This Week in Review
WEDNESDAY, May 9
May 17, 2007
The Maui News' Liz Janes-Brown, Men are Easy author Lynn Rasmussen and the honorable Mayor Charmaine Tavares got together at Seabury Hall tonight for another monthly Philosophy Club gathering, this one on feminism. All three panelists agreed with each other for the most part, though I've got to say Tavares surprised me with some of the evening's most interesting observations—most notably that our market economy and its attendant high cost of living has done much to help feminism by forcing women into the workplace so couples and families can afford to buy nice, expensive stuff. "If I'm going to get married, I'm going to find someone who's truly a partner," Tavares said. "Maybe that's why I'm not married." Later she advocated dumping grade levels in schools and criticized rap lyrics for having "disrespect for order, disrespect for women [and] for anyone in authority." She opposed "overzealous" attempts at bringing about equality like forcing girls and boys in school to play the exact same sports. She observed that, "until men are the ones having babies, they won't understand" why abortion should be a woman's choice. "Our society is so permissive it's ridiculous," she said near the end. "You cannot be a 250-pound, six-footer and wear clothes like Britney Spears. This does not fit." Finally, Tavares observed that chivalry wasn't dead—and wasn't just for guys. "Women can open the door for men," she said, to not nearly enough applause.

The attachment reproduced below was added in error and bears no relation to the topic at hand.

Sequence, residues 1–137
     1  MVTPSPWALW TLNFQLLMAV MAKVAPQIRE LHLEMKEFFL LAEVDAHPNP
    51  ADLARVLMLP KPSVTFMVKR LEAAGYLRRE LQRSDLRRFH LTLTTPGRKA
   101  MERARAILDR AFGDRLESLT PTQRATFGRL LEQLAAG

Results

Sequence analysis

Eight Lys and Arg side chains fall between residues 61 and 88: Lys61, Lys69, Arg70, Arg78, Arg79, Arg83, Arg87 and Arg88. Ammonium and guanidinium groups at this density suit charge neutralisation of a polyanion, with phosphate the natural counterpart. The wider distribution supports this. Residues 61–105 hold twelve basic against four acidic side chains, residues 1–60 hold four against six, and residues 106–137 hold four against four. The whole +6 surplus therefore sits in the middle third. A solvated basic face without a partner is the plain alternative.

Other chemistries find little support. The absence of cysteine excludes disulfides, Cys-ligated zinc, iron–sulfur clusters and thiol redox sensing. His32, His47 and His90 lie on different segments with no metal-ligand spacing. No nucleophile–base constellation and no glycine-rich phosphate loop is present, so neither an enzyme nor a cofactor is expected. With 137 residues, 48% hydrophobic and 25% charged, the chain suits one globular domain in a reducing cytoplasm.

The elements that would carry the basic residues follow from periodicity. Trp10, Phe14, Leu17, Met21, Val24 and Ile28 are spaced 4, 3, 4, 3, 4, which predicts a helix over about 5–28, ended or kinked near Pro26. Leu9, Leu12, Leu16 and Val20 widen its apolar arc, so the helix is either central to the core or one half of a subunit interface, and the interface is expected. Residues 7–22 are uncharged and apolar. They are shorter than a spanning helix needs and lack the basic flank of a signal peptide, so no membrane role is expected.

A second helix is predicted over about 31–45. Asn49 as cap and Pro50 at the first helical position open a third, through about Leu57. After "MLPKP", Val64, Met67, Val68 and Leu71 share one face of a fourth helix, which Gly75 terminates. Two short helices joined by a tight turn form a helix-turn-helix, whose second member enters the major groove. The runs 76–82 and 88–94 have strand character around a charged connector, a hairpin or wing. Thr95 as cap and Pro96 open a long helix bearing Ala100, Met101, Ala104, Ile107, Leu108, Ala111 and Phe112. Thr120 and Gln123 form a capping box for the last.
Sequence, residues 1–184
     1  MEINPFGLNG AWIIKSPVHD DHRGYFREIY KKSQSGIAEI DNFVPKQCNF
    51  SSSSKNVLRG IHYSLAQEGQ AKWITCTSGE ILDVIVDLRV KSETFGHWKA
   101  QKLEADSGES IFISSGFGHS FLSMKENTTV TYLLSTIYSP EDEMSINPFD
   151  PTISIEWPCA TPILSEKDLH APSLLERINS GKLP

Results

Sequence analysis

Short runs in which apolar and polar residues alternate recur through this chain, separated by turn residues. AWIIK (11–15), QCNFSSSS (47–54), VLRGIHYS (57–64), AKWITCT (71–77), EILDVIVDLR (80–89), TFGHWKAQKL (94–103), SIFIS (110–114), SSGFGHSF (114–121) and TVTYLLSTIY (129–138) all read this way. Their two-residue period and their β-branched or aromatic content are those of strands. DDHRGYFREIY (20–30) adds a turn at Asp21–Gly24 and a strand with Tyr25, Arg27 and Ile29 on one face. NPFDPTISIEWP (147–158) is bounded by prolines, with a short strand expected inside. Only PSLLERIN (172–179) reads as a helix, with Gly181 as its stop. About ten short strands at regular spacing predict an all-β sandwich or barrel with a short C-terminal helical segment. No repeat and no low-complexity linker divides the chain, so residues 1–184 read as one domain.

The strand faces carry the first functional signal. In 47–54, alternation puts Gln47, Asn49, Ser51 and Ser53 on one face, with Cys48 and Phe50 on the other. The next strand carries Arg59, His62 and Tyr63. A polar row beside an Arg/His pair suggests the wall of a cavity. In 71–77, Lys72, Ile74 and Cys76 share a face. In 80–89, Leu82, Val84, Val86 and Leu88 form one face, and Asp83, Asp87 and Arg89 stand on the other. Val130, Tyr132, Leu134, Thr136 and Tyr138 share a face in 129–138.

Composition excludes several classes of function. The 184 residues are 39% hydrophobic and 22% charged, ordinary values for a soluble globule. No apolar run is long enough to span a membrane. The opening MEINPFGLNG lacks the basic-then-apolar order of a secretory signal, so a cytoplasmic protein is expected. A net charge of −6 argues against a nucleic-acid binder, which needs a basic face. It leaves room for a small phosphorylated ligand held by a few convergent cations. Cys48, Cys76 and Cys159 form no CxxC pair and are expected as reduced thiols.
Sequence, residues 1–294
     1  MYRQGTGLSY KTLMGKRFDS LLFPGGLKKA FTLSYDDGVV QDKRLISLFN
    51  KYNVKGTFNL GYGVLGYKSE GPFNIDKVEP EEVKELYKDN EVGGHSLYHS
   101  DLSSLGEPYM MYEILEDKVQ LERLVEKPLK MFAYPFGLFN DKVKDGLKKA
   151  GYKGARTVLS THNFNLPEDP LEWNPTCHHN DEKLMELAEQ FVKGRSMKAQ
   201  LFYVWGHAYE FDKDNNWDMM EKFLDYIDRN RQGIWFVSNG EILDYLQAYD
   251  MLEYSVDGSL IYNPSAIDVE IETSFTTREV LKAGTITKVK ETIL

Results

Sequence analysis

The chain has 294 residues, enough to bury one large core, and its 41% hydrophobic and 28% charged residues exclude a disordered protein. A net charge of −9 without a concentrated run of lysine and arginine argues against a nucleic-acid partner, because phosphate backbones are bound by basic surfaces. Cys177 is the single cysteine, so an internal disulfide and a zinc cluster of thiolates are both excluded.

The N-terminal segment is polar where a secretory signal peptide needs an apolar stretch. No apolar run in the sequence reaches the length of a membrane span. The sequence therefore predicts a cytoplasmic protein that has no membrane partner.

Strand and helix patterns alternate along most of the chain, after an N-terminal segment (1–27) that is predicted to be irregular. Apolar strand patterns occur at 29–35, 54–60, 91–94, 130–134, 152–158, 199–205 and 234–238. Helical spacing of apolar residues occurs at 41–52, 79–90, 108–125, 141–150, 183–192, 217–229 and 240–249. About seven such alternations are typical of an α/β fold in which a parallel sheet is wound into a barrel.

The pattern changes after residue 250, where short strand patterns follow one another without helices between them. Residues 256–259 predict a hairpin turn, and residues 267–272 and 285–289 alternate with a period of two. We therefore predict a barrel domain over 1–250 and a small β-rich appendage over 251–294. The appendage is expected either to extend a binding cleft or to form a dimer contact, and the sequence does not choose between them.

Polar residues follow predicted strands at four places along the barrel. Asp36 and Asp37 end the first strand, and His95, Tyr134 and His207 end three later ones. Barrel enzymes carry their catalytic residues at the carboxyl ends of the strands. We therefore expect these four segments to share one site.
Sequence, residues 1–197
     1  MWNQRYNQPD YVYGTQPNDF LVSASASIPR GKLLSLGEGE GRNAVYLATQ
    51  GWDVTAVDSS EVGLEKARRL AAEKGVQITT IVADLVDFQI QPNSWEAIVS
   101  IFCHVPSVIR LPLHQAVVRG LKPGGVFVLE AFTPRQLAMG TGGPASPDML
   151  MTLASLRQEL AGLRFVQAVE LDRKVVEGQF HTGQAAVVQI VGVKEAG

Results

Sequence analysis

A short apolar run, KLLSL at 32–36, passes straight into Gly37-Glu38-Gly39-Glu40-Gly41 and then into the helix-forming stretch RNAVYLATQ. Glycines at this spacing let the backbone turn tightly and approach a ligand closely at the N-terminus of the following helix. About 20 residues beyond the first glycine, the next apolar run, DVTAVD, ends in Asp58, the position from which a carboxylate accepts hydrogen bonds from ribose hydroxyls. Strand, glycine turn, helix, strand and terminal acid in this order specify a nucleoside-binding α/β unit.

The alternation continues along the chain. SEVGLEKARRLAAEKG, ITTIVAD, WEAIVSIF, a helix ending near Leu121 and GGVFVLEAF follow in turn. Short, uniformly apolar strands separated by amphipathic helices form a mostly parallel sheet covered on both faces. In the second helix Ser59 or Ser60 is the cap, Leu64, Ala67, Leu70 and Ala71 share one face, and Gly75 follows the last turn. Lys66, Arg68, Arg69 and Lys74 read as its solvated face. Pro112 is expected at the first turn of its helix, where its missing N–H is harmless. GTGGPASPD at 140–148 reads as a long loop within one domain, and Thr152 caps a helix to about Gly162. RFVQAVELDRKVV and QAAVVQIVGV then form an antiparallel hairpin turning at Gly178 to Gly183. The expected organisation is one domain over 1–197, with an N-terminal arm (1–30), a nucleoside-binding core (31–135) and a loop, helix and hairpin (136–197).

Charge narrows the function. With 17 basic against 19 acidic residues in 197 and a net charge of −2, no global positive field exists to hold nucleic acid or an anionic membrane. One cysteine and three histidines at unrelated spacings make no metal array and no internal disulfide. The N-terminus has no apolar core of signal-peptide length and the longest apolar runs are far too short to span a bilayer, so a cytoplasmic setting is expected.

THURSDAY, May 10